We were just getting ready to sort through the cuddly, wriggling pile of seven pups that were huddled together in front of the stall door when her husband came into the barn.
After introductions, we told him we were interested in the female pup named Heidi we’d seen on the website. He asked the children to place the male pups in a large wire crate that sat beside the stall and leave the females loose. When the males were separated, the females piled on top of one another against the front of the stall door in an apparent effort to hide from us. It was so funny to watch!
I peeled the top pup off the wriggling mountain of black fur and cuddled her against my chest. Her little heart was beating a mile a minute as she snuggled close to me. Then she grabbed my forearm with both front paws and, using them like hands, drew my arm closer to her.
I was in love.
We went to an anteroom of the Stoltzfus home to sign the paperwork. While waiting for my turn, I glanced through the windows of the door leading into the main part of the house. I saw a simple, clean home, with a high chair set back against one wall of the kitchen. I wondered if there was a baby napping somewhere in the house.
The law said we had to leave Heidi with her mom until she was eight weeks old. We knew it was going to be hard for us to wait two weeks before we could bring her home. As we reluctantly drove away from the farm, I heard the sound of a ringing phone emanating from the small shed we’d seen when we drove in.
On a sunny day in May, exactly two weeks later, we drove back to Lancaster, excited about bringing Heidi home. All the way there we discussed the best way to introduce our older dog, Sparkie, to his new baby sister.
We pulled up at the barn and sunlight streamed down over the farm. It was like a scene from an Amish movie. The lady of the house, her hair covered by the prayer cap, was tending the garden at the top of the hill, her long dress billowing in the wind as she worked with a hand tiller. Her husband, hat on his head, was using a rotary mower to cut the grass that surrounded the house and barn. And our little pup was running around on her little legs, investigating everything.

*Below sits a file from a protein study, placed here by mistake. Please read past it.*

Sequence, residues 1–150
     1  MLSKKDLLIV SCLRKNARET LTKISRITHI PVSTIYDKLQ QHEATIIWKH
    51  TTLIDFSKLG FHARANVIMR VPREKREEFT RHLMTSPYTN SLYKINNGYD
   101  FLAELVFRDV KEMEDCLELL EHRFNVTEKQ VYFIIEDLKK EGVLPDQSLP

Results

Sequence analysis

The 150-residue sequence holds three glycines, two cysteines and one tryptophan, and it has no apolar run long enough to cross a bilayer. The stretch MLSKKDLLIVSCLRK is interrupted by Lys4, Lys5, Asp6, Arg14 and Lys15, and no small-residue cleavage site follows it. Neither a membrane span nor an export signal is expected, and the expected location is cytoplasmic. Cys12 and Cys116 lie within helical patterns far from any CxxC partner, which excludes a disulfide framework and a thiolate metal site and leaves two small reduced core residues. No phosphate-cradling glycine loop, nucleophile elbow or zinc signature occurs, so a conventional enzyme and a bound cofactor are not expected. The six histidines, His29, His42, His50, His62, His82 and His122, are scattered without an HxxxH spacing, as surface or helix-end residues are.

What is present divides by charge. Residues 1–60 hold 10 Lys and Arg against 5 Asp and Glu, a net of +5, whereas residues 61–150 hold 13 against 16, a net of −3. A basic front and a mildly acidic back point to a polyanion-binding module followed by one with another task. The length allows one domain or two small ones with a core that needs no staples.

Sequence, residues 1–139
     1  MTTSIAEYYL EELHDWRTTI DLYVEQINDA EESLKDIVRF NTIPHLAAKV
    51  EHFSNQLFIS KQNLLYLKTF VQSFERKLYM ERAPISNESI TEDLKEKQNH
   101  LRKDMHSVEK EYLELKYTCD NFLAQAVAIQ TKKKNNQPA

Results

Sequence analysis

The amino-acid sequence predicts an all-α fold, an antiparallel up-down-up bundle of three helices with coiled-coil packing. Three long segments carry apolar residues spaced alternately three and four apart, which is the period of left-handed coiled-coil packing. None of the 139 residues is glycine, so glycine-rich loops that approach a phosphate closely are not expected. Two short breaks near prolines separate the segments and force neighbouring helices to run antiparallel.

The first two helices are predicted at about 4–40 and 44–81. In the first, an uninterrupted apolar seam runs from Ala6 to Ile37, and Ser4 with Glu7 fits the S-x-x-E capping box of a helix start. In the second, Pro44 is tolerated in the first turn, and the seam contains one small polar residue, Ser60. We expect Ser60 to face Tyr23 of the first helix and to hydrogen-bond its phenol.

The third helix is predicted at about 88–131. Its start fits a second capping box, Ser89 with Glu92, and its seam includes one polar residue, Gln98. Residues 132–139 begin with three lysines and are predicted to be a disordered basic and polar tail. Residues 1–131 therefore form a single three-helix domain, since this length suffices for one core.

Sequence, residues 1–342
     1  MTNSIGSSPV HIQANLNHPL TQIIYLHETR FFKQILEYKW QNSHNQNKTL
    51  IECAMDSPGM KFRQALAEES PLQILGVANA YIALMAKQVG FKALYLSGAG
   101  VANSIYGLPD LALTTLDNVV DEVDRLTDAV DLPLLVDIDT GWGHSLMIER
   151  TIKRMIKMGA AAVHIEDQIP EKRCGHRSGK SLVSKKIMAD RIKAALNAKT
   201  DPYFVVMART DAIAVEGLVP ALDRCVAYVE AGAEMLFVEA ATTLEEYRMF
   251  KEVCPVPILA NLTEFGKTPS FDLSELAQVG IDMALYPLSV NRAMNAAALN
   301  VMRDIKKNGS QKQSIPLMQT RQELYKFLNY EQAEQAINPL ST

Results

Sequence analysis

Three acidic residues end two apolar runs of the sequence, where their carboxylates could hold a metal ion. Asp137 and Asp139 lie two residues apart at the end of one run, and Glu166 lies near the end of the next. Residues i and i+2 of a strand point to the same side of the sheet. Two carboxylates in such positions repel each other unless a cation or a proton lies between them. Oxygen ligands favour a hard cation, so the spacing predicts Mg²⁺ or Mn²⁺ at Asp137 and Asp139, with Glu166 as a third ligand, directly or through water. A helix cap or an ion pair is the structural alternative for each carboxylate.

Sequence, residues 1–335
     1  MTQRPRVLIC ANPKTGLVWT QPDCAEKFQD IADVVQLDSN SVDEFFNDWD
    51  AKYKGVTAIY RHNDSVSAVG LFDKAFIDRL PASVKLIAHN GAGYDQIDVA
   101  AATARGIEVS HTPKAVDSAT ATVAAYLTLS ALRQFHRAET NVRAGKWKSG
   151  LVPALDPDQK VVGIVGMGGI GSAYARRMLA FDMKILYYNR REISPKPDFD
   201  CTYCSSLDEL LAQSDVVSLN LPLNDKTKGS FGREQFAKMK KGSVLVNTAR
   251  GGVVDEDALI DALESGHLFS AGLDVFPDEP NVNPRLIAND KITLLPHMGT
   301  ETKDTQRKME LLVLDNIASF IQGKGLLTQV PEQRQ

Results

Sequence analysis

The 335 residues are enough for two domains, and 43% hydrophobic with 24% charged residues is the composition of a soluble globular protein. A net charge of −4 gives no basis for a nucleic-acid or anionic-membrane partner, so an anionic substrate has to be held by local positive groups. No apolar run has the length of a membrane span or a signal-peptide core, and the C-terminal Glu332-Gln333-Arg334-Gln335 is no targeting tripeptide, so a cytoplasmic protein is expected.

When we got out of the car, Heidi came running up to us. But as soon as my husband reached down to pick her up, she tried to scoot away under the car to make her escape. We ended up in quite the chase, but we finally caught up with her. Little did we know that she was showing us the first sign of the free spirit she was.
We made some small talk with the Stoltzfuses, then got back in the car and began the long ride home.
As I sat in the backseat nuzzling and cuddling our newest fur baby, I said to my husband, “I think she needs a bath. She smells like horse.”
We both laughed.
This newest addition was our seventh German shepherd, and we’d never had one so smart or with such a strong mind of her own. She ruled over her huge “big brother” from day one. Her strong personality showed itself so early and often that we knew we had to change her name. A meek Heidi she was not! Instead she became Lucy…named for my favorite (very willful) comic character from television.
Cindy here! In A Season for Tending, Samuel has a very strong opinion about dogs. Let’s take a peek at Samuel’s viewpoint in a conversation with his girlfriend, Catherine. . .